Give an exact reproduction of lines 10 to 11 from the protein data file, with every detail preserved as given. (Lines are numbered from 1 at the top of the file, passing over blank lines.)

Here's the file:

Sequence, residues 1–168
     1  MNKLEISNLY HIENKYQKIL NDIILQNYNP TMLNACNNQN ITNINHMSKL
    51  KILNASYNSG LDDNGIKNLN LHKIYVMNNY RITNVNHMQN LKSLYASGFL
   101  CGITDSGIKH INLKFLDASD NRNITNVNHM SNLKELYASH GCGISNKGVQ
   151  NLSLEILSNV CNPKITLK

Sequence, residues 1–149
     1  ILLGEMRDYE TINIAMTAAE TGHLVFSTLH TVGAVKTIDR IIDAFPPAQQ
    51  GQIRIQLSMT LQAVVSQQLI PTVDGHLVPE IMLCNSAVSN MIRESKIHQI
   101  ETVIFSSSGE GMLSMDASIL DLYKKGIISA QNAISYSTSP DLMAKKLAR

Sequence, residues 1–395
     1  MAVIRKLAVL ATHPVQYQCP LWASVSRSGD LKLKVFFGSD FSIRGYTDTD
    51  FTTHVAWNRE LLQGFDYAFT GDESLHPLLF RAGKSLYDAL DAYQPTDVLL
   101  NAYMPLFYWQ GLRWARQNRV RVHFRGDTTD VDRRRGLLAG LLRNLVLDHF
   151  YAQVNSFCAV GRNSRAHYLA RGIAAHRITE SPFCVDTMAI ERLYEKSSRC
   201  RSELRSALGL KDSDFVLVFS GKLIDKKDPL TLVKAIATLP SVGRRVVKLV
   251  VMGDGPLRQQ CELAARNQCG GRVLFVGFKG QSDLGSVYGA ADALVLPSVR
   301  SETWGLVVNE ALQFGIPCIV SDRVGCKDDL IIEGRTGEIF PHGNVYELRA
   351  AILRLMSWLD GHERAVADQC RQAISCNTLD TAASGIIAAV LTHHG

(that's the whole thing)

Sequence, residues 1–395
     1  MAVIRKLAVL ATHPVQYQCP LWASVSRSGD LKLKVFFGSD FSIRGYTDTD